PULI (2015)

PULI  (2015)

Casts: Vijay, Sridevi, Sudeep, Hansika, Shruthi Hassan, Prabhu, Thambi Ramiah, Robo Shankar, Sathyan
Music: Devi Sri Prasad
Language: Tamil
Genre: Action Fantasy
After numerous roadblocks for the film, ‘Puli’ has overcome them all to hit the screens on time. With the interesting combo of Vijya-Chimbu Devan, the film has garnered a lot of interest, thanks to the exciting promos as well. With humongous expectations to fulfil, will this ‘Puli’ soar high?

Maru Dheeran (Vijay) is a young man who stands up for the people against the ‘Vedhalam’ warriors (inclined with super powers) with his pure wit. One day, his ladylove, Pavazhamani (Shruthi Hassan), is abducted by the Vedhalam warriors for a ritual. Maru Dheeran decides to go the fortress to rescue her by drinking a potion that will give him super powers for every eight minutes. He disguises as a ‘Vedhalam’ and enters the fortress as a medic. However, he faces much more bigger challenges through the evil queen, Yavanarani (Sridevi) and Jalatharangan (Sudeep). How Maru Dheeran overcomes the obstacles and save his ladylove, forms the crux of the story.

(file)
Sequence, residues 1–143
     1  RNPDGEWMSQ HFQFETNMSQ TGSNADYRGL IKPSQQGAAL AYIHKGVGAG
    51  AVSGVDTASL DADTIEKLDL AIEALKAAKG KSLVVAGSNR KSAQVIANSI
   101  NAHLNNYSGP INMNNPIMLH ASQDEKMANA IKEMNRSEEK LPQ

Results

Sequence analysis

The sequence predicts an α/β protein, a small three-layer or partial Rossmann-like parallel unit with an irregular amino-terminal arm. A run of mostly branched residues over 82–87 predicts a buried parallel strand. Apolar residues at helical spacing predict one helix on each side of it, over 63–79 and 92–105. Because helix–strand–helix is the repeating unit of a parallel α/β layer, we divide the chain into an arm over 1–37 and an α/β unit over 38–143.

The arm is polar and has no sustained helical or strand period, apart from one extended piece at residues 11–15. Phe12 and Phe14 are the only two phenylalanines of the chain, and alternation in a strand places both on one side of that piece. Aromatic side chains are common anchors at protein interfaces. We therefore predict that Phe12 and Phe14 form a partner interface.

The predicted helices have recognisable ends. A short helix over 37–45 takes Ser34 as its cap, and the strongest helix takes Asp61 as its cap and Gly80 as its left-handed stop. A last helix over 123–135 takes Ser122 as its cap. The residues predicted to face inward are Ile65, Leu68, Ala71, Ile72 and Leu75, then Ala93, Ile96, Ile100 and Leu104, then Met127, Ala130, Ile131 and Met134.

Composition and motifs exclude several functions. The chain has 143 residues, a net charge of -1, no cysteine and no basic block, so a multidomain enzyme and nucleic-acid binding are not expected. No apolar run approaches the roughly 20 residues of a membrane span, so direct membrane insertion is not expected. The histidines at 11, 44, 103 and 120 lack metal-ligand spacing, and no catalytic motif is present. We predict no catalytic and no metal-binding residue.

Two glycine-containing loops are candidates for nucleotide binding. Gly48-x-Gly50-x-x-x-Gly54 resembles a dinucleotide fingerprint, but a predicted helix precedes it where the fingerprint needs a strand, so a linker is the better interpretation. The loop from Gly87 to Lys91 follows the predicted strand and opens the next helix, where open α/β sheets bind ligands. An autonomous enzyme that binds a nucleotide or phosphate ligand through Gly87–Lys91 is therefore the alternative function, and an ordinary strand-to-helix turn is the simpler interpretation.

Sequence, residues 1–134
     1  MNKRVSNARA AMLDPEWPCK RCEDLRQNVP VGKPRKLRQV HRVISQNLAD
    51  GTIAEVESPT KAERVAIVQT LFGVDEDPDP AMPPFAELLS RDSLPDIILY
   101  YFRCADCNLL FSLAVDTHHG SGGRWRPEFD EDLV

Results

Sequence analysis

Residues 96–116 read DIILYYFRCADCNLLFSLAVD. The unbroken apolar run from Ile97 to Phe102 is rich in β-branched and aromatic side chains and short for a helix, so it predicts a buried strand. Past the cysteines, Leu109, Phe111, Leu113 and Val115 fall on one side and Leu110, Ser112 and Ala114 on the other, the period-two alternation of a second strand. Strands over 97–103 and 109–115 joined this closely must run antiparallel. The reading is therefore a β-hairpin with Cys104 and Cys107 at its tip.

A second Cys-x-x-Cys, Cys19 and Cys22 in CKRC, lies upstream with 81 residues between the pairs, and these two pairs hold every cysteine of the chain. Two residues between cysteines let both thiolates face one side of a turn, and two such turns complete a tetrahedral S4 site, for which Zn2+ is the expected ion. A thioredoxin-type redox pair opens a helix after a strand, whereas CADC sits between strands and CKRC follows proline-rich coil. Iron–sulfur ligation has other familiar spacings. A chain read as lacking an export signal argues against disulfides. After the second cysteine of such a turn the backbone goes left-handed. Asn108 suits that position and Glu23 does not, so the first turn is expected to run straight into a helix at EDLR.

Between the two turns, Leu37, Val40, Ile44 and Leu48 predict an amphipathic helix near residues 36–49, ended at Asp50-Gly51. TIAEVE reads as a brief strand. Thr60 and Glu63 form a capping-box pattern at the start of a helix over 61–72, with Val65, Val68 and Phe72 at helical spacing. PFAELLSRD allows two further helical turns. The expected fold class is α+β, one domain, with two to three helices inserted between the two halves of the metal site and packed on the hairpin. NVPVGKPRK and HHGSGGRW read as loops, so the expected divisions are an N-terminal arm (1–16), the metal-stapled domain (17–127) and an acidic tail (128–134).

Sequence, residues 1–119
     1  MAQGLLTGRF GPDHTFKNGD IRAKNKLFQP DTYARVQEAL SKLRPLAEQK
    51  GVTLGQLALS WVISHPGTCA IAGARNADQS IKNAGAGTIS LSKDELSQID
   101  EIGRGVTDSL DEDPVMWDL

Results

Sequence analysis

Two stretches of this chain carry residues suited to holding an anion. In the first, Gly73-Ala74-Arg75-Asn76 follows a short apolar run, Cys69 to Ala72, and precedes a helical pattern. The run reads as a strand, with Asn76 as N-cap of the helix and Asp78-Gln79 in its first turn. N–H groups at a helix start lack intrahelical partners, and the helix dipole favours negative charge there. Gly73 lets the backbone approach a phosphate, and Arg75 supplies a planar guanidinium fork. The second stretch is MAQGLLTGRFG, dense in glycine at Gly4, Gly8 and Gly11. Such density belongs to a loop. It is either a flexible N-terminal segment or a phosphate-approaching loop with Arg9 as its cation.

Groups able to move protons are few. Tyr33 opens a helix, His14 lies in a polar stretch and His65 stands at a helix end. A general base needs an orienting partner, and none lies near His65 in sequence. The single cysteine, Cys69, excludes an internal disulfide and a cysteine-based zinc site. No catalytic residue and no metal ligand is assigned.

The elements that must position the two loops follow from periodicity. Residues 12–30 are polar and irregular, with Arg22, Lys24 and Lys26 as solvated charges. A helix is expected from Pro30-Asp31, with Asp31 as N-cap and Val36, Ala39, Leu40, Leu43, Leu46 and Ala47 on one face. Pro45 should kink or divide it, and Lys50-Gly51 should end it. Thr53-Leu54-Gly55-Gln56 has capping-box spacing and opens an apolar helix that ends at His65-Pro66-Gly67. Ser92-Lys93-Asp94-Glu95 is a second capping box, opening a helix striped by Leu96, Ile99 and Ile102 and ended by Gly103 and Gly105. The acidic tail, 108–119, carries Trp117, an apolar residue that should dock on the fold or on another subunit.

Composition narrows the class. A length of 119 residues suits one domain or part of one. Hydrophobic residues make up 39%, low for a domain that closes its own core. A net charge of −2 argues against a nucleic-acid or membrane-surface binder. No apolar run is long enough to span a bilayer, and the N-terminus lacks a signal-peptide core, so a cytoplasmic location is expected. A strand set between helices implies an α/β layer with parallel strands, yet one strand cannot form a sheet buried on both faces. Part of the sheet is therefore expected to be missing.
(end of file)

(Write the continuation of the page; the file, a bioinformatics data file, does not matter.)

Story Screenplay
‘Puli’ is definitely will fall in the least substantial film of Chimbu Devan with a wafer thin plot which merely dependant on the presentation. Not necessarily a sin, but in ‘Puli’ it falls prey to too many commercial temptations.

The core problem lies on the tried and tested, hill old storyline that somehow becomes predictable even after the very first scene. The film is neither on the fantasy side or a typical commercial movie side and the attempt to mix has backfired. The comical scenes look forced and leaves us barely tickled. ‘Puli’ also has too much of speed breakers with song being thrown aimlessly that harms the flow of the screenplay. The first half takes its time to settle in with a few forced comedy scenes, insipid romantic scenes and dreary fight scenes.